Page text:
House rich and cash strapped is a common predicament for many older homeowners — particularly in pricy housing markets with high property tax rates.
In a recent analysis by Zillow and Thumbtack, property taxes, utilities and homeowners insurance added up to $6,327 a year for the median-priced U.S. home, with property taxes likely making up the lion’s share of that cost. For retirees living on a fixed income, the ability to stay in their home often comes down to what they pay in property taxes.
For many there is another option: Defer them.
Roughly two dozen states, including California and Texas, have property tax deferral programs that are available to older homeowners who want to put off paying real estate taxes for as long as they remain in their home. (Owners who have mortgages will typically need approval from their lenders.) When program participants do eventually sell or pass away, the state claims the balance of what they owe, plus interest, from their home equity.
“For most people, their house is their major asset, and to be able to tap some of that equity" — that is, by using it to cover current tax burdens — "could greatly improve their comfort in retirement,” says Alicia Munnell, director of the Center for Retirement Research at Boston College.
Yet many of these programs go underused; only about 10% of eligible homeowners in Oregon, for instance, participate in the program, according to a Boston Globe story on the deferrals. Many state programs have income limitations — but unlike property tax exemptions, which are typically reserved for low-income households and offer only modest relief, some of the deferral programs are open to retirees with relatively healthy retirement incomes.
In Minnesota, for example, the Senior Citizens Property Tax Deferral Program is open to homeowners age 65 older with household income of $60,000 or less. In Washington, owners age 60 and older qualify with combined disposable incomes of $45,000 or less.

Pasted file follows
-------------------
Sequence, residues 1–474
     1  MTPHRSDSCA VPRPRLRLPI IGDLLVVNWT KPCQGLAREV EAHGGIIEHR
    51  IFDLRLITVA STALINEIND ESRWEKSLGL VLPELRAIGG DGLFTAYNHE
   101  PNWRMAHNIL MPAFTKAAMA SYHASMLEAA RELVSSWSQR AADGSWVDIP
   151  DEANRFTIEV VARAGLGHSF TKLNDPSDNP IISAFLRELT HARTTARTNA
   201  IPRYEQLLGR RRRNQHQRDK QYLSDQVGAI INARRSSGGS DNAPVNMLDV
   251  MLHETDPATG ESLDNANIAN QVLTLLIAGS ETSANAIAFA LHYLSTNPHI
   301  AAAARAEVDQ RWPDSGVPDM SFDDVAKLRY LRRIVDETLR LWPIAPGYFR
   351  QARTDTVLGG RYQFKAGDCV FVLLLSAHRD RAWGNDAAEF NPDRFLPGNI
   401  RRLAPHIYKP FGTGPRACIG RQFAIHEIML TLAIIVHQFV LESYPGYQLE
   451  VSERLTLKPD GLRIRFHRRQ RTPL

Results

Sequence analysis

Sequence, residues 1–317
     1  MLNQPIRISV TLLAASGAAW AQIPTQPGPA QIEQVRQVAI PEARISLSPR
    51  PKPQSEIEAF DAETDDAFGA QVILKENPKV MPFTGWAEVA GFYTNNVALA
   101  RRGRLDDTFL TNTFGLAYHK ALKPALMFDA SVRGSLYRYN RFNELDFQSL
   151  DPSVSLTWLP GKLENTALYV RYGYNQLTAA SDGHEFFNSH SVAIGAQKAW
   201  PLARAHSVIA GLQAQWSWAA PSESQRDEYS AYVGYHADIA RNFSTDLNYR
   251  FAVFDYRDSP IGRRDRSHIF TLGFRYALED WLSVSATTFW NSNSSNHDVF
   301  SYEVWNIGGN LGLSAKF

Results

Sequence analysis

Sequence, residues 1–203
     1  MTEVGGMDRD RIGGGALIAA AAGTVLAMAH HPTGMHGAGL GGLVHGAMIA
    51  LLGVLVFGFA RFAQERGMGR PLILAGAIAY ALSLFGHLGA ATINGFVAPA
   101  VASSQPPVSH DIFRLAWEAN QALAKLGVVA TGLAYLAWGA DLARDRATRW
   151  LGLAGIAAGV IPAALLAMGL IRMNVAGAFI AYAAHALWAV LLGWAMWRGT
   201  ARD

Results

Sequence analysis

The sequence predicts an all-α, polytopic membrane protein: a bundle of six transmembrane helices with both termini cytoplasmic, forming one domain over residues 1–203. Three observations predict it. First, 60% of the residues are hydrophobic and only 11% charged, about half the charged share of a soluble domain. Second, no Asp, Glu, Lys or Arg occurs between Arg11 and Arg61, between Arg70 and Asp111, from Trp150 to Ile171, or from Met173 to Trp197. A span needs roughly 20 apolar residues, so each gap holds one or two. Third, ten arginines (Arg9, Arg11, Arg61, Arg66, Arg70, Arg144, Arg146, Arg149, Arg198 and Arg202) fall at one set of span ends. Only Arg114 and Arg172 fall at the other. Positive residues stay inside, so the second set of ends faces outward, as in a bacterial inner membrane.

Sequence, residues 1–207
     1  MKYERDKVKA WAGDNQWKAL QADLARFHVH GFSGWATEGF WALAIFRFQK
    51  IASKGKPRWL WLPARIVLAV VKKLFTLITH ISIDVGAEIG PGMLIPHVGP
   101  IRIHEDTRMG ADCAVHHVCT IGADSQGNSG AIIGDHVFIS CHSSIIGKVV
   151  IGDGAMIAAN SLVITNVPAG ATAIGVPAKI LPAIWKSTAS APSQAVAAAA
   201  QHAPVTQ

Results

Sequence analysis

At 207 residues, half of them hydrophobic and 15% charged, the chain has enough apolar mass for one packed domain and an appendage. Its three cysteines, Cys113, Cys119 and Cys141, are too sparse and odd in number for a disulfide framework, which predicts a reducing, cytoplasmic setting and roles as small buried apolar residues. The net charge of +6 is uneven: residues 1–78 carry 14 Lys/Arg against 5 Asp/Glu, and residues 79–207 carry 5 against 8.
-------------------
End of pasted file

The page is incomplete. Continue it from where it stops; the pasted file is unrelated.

The Boston College center has proposed expanding property tax deferral programs in Massachusetts by, among other things, increasing or removing income limits. “In Massachusetts, it would give the average homeowner about $4,000 a year, which is enough to take some of the edge off,” Munnell says.
How to Use a Property Tax Deferral
If a deferral program sounds tempting, start by searching your state’s treasury office or contacting your local appraisal office to see if there are any deferral programs available in your state (or municipality). You can also search for property tax relief programs in the Lincoln Institute of Land Policy database.
If if there's a program available, it’s important to think through all of the considerations. What you're essentially doing is borrowing the amount of tax that you'd otherwise owe, and securing it with your home's value. So, typically, program administrators will put a lien on your home — similar to any home equity loan — and charge interest, which accrues over the life of the loan.
In Oregon, which is the oldest such program, individuals who are 62 and older who have lived in and owned their property for at least five years and meet other criteria — including 2018 household income below $44,000 and net worth of less than $500,000 — may apply for property tax deferral. If they are approved, the program will put a lien on their property equal to the estimated cost of future property taxes, plus accrued interest of 6% annually.
Although participants can exit the program — and pay those deferred taxes — at any point, most retirees go in with the idea that they will defer the expense until they sell the home, in which case the balance is subtracted from the equity, or pass away, in which case their heirs will owe the amount due.
“It’s the same principle as a reverse mortgage, where the money you owe will be deferred until you die or sell,” says Ed Slott, a certified public accountant and retirement expert based in New York (where no such deferral is available).
In most cases, however, the decision to defer taxes isn’t nearly as drastic as reversing a mortgage. “It is a way to get some equity out of the house to defer expenses, but it’s much easier to do,” says Munnell. It’s typically a lot cheaper as well, she adds.
Even so, for many retirees there is still a fear and a stigma of putting a lien on their homes. “There is an emotional resistance,” Munnell says. “It’s important for people to know that they won’t be thrown out of their home and that in most cases will have some home equity left over.”
Some seniors who want to leave the house to children or other heirs may also worry about the burden of accrued interest. That said, retirees who truly need the extra wiggle room in their budgets should put their own needs before those of their heirs, Slott cautions. “Many people worry too much about their beneficiaries,” he says. “But if you don’t have enough to live on, there isn’t going to be enough for them anyway.”